Researchers estimate that the effect of SB 1383 on reducing pollution and greenhouse gas will be the equivalent of taking more than two million cars off the road for a year, and it will feed millions more Californians annually. Applying nutrient-rich compost made from recycled food scraps to crops will also improve the quality of California's soil and food and will help reduce agricultural water use in our drought-stricken state. Compost also sequesters carbon from the air when land-applied, with benefits lasting 20 years.

On a local level, organic waste recycled in San Diego County will fuel a more energy-neutral fleet of collection trucks, and ultimately feed the region's natural gas pipelines. Solana Center also anticipates that the new law will create more jobs in San Diego communities by building a marketplace for processing, distributing and using organic materials that would have been thrown away in a landfill before.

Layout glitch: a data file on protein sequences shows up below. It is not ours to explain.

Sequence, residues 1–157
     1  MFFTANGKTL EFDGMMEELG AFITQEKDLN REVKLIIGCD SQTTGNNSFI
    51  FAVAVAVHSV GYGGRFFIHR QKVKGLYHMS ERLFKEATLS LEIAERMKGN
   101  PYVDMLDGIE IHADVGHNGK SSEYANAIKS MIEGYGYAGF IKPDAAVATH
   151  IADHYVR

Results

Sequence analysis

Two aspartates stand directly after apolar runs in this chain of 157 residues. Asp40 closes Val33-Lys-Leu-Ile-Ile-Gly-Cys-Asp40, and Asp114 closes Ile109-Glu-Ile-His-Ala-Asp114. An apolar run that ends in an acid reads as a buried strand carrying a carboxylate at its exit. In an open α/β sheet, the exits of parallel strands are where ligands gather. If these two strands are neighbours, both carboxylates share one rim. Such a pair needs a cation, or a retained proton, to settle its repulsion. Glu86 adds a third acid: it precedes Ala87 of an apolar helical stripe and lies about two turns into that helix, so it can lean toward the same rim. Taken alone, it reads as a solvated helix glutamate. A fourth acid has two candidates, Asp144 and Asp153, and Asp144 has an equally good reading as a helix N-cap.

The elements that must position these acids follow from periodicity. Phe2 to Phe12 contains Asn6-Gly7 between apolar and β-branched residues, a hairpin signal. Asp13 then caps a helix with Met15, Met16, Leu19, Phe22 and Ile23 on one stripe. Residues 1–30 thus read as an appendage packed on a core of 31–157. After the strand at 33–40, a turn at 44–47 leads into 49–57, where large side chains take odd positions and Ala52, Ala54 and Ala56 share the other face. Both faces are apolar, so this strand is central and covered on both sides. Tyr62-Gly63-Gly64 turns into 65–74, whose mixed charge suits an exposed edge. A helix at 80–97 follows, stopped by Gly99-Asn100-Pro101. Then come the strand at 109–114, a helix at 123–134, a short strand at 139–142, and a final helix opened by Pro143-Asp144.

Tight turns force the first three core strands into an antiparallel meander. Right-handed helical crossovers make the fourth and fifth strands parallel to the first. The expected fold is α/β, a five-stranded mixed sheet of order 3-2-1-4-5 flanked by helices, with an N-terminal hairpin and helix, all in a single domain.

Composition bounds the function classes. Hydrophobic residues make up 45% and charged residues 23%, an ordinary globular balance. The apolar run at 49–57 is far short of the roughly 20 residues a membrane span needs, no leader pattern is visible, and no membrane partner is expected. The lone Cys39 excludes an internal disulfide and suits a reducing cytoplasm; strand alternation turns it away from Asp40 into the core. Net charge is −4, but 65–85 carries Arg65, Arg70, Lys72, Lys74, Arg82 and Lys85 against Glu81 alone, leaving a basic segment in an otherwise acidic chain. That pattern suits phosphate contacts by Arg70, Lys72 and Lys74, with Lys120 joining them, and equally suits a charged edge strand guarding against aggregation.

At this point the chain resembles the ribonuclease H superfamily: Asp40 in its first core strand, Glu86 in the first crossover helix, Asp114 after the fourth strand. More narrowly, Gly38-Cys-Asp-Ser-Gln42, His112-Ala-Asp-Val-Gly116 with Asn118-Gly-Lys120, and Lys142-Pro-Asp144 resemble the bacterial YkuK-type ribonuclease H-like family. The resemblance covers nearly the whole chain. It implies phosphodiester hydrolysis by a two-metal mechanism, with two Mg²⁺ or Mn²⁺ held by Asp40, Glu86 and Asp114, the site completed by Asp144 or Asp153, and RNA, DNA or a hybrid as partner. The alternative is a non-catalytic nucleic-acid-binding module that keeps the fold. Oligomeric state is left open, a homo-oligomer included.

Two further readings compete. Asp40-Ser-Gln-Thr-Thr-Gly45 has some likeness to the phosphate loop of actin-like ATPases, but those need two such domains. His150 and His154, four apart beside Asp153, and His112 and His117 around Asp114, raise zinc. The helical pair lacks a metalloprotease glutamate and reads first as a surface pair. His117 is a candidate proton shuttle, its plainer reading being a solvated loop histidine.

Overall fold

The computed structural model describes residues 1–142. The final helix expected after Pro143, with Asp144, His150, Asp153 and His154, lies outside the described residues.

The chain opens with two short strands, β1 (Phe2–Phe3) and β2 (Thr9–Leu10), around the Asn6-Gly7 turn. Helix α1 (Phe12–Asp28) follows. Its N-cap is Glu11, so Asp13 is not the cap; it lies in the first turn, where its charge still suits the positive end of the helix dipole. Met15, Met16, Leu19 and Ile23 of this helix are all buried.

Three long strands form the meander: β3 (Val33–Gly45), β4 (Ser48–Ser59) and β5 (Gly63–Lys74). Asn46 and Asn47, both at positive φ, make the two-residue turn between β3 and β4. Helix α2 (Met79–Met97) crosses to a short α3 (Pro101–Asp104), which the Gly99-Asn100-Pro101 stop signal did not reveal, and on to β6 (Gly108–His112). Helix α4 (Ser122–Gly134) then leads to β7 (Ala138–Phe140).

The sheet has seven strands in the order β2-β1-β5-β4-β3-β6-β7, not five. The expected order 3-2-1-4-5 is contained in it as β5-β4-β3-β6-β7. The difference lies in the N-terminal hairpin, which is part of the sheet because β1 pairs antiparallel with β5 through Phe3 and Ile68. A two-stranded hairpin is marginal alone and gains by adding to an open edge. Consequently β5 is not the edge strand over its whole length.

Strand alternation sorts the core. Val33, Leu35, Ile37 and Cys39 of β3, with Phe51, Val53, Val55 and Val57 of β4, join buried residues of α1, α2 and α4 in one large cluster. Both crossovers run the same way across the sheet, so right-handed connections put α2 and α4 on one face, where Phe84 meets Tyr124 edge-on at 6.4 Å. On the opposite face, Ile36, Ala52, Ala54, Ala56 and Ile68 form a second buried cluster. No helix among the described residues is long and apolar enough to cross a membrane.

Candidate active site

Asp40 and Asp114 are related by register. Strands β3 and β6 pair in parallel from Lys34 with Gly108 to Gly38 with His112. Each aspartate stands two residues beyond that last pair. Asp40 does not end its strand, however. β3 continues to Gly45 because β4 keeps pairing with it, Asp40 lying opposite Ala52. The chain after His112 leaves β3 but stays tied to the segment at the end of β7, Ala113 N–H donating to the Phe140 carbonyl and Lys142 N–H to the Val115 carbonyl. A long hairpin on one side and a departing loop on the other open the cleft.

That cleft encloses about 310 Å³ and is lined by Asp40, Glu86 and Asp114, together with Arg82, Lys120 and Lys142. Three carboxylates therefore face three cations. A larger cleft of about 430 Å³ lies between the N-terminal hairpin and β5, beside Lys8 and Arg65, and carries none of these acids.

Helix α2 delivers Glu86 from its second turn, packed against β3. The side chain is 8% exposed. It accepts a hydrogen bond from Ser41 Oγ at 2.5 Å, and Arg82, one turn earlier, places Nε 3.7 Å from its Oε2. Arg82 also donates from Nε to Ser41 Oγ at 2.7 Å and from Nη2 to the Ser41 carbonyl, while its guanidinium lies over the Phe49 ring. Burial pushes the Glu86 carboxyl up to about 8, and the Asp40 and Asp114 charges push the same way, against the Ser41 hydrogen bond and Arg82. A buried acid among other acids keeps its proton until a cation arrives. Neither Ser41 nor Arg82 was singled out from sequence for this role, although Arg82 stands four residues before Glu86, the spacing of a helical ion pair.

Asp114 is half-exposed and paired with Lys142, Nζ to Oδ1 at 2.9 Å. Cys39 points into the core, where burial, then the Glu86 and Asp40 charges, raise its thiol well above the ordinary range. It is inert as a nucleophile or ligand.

The goals of SB 1383 include:

● A 50% reduction in the statewide disposal of organic waste by 2020, as compared with 2014 levels

● A 75% reduction in residents' and business' disposal of organic waste by 2025; and

● By 2025, donating at least 20% of edible food that would otherwise be thrown away in landfills to Californians who don't have enough to eat.

The impact of diverting organics in San Diego alone is enormous and can potentially:

● Free up 700,000 tons a year of landfill space

● Create new markets and jobs worth $2,000,000/year

● Save local businesses $20M a year in disposal fees